Lloyd's List is part of Informa PLC

This site is operated by a business or businesses owned by Informa PLC and all copyright resides with them. Informa PLC’s registered office is 5 Howick Place, London SW1P 1WG. Registered in England and Wales. Number 8860726.

This copy is for your personal, non-commercial use. For high-quality copies or electronic reprints for distribution to colleagues or customers, please call UK support at +44 (0)20 3377 3996 / APAC support at +65 6508 2430

Printed By

UsernamePublicRestriction
UsernamePublicRestriction

Daily Briefing December 19 2017

THE withdrawal of valemax ownership doesn’t spell the beginning of the end for Vale’s dominance in longhaul dry bulk shipping. Rather, it is the end of the beginning.

Topics

Vale looks to the next generation of VLOCs

THE withdrawal of valemax ownership doesn't spell the beginning of the end for Vale's dominance in longhaul dry bulk shipping. Rather, it is the end of the beginning.

While delivering the final vessel of its owned 400,000 dwt fleet earlier this month, the Brazilian mining giant has backed the construction of newbuilding capacity that accounts for up to one third of the total bulker orderbook, according to a Lloyd's List study of company announcements and broker data.

The 32 so-called second generation valemax and 37 "guaibamax" vessels will carry iron ore from Brazil to mainly China when they start to be delivered by Chinese and South Korean yards from 2018, just as Vale's S11D project with a nameplate capacity of 90m tonnes per annum gradually ramps up.

Like the first generation of valemaxes, those new additions of second and third generations of very large ore carriers to Vale's shipping capacity are aimed to reduce freight cost per sale unit so the miner can compete with Australian majors such as BHP and Rio Tinto when selling to Asian customers.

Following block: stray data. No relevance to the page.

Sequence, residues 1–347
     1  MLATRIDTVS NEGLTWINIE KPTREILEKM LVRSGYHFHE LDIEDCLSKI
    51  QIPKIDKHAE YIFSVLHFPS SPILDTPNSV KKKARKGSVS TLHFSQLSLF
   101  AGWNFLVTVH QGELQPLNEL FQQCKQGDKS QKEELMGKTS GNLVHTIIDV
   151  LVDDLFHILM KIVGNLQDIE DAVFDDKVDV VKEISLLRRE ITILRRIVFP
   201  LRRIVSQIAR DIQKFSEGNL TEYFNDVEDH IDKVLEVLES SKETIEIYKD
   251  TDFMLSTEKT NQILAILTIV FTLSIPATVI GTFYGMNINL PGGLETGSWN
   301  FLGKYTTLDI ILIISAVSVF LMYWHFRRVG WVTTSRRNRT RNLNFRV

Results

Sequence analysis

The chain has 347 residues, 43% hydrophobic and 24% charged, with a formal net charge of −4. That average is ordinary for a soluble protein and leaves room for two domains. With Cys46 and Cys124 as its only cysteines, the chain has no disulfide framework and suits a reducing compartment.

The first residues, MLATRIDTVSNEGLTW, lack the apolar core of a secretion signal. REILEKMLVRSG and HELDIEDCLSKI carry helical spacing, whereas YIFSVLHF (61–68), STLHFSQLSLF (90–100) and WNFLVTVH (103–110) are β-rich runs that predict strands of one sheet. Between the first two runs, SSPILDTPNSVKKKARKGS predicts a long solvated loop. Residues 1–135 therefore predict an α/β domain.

The difference this time is that Vale has secured the capacity without incurring large capital and operating costs while befriending conventional vessel owners and operators, especially those in China. Vale does not own or charter in ships, but instead provides contracts of affreightment to shipping companies that want to ship iron ore for the miner.

"Vale has established solid partnerships with shipowners and the contracts we have allow us to fulfil our ultimate objective of transporting our material," the company told Lloyd's List an email. "In this sense, the company can focus its resources and efforts on its core businesses, leaving specialised companies with the task of providing shipping services."

In its project of third generation very large ore carriers, which Vale calls guaibamaxes, the company has offered COAs to Chinese and South Korean owners that order ships in yards in the two countries. With a carrying capacity of 325,000 dwt each, those vessels named after a Vale-owned terminal in Rio De Janeiro will have a wider trading range than valemaxes that generally serve Brazil-China trade.

Full story

 


 

Top stories:

EU tells maritime companies to reveal ownership

MARITIME companies operating in the European Union will have to disclose their ultimate owners in a publicly available registry, according to a new ruleset agreed by the bloc's authorities, adding to regulatory efforts to stamp out money laundering and corruption involving EU companies.

Representatives of the European Parliament and the European Council, composed of EU member states' governments, agreed on Friday to accept the European Commission's proposed changes to the EU's fourth anti-money laundering directive.

Full story

 


 

Analysis:

Money committed to new boxship orders stays subdued

THE amount of money committed to new containership orders remains subdued this year despite a recent flurry of activity.